Chuck Tyron writes in the Chutry Experiment:
Alex’s documentary is a “little” film in the best sense of that term: intimate and reflective without being intrusive, and she and Antonia consistently reflect on the role of the camera in mediating what is happening onscreen, a theme that is introduced in the opening sequence when Antonia and Alex plan the scene they are about to perform.
Shots of Alex, reflected in a darkened window, camera in hand, also remind us that we are watching a constructed artifact, something that is actively making meaning, unlike most news shows that seek to hide their seams to create the illusion of objective truth.
I’ll admit that I’m somewhat skeptical of one of the underlying assumptions suggested by the film and by the framing on Scale’s Snag page, which asks whether “regular people can use the media” to expand the reach of their voices, in part because it seems to treat the media, which I regard, in part, as a vast collective of individual people often with competing agendas, too homogeneously (that is by implicitly excluding those in the media from the category of “regular people”).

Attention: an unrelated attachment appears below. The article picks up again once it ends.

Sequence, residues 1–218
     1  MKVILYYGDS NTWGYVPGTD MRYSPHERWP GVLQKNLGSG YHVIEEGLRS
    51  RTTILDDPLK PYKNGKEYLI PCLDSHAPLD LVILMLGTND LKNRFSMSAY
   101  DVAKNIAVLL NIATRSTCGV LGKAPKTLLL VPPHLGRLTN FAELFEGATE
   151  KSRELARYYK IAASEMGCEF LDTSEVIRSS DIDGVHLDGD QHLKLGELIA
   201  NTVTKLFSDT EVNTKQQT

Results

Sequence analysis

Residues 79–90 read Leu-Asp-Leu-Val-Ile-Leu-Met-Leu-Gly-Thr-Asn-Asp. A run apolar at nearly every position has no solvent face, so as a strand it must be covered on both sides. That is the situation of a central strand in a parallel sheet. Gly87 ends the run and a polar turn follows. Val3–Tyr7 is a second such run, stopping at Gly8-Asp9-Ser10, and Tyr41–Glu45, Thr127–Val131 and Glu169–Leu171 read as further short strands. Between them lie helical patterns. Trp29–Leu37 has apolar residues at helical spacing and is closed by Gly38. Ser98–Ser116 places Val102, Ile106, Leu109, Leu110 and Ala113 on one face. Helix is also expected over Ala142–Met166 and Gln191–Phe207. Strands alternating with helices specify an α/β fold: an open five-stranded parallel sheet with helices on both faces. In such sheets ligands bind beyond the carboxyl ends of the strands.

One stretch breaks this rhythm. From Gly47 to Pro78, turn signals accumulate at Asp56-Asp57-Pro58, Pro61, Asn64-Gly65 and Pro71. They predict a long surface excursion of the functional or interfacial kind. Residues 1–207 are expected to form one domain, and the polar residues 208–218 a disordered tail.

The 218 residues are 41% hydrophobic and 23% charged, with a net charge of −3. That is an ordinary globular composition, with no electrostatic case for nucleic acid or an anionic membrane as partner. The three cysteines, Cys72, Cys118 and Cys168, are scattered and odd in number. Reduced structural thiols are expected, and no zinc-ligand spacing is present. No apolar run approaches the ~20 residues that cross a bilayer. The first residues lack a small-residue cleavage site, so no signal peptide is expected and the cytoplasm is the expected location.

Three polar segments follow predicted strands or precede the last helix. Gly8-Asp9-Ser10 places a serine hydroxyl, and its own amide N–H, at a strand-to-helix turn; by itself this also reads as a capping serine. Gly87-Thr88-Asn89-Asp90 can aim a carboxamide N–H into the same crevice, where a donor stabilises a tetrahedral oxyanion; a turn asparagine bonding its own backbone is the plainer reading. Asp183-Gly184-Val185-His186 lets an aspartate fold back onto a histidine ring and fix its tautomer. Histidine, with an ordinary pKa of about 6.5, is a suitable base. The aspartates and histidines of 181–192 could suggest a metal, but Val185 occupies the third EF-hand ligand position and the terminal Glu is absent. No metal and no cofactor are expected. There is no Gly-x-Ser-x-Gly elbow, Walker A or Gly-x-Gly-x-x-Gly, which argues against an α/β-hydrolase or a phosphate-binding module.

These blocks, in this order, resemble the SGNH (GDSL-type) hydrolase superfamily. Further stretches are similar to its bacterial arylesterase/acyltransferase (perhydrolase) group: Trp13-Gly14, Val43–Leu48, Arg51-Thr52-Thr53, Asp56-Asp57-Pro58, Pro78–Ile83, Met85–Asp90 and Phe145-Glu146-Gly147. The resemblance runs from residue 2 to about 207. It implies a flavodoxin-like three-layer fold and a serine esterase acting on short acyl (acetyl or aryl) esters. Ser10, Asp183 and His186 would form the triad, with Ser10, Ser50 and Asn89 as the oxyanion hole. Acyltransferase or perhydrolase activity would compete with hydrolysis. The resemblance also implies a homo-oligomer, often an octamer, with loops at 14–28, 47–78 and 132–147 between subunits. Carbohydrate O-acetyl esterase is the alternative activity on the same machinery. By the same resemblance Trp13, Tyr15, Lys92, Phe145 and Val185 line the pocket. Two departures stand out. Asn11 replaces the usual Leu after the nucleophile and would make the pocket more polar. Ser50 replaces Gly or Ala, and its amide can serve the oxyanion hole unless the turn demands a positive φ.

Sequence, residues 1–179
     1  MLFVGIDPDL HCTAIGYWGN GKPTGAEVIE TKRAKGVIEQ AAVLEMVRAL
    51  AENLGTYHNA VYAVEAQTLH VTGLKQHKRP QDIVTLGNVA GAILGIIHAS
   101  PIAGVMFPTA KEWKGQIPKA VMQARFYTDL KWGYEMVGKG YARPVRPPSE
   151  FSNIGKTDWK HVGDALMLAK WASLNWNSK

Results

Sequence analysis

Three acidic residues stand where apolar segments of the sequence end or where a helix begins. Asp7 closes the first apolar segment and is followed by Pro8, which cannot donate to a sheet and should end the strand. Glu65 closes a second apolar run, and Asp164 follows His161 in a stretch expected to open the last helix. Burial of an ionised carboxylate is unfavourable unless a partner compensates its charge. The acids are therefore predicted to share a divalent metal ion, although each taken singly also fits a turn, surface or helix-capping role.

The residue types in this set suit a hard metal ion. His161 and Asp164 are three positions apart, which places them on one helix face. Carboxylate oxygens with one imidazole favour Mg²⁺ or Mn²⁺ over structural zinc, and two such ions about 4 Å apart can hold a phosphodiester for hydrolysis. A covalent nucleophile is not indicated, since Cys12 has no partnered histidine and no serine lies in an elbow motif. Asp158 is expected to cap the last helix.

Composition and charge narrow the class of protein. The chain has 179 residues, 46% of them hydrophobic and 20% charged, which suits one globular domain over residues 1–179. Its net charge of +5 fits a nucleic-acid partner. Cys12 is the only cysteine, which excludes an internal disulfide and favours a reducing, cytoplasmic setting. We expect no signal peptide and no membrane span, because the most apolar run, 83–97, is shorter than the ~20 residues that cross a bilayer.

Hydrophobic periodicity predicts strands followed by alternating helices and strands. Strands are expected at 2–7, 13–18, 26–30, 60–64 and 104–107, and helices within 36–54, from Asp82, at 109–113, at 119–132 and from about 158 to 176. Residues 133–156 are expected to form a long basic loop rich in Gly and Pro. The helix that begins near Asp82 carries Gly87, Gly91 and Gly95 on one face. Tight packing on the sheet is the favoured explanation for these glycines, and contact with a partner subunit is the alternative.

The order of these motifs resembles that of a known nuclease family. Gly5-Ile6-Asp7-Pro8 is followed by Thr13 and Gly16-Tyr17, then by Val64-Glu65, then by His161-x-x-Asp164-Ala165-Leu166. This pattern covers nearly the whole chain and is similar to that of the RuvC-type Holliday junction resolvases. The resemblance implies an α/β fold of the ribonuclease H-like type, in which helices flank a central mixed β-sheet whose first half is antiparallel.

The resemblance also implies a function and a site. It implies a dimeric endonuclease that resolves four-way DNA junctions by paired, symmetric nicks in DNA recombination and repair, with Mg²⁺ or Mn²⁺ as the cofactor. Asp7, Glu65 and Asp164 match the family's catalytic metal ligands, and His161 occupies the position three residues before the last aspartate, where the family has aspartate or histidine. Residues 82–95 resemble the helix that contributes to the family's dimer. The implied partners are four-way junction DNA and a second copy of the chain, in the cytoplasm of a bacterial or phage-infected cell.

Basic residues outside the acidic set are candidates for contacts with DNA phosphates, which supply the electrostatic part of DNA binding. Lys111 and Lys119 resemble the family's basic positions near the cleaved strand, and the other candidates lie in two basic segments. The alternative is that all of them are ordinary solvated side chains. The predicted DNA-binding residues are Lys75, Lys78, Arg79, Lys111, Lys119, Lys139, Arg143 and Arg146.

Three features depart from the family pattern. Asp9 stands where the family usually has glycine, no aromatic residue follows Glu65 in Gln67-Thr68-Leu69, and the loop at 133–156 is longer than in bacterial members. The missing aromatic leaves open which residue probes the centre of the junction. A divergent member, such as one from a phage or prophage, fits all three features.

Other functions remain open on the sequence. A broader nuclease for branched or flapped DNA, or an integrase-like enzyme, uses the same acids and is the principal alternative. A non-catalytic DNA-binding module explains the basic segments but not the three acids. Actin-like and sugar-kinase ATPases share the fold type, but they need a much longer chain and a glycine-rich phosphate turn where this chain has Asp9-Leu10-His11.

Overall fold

This is beyond the intended scope of Alex’s documentary, but I’ve also found myself interested in thinking about how we are experiencing a different sort of scale-shift in the field of journalism right now as a number of major local newspapers are going bankrupt or shifting to online-only editions, with once powerful voices now becoming somewhat muted in relationship to their digital counterparts, a question that seems to be a dominant one at this year’s South by Southwest Film Festival.
And yet, as I move into my seventh year of blogging, I continue to find myself returning to some of the questions Alex raises in this film, about how political speech is shaped by the media in which we communicate. And I’m especially glad that I’ve had the blog as a means of working through many of those reflections with such an attentive, critical audience. (see more on his blog)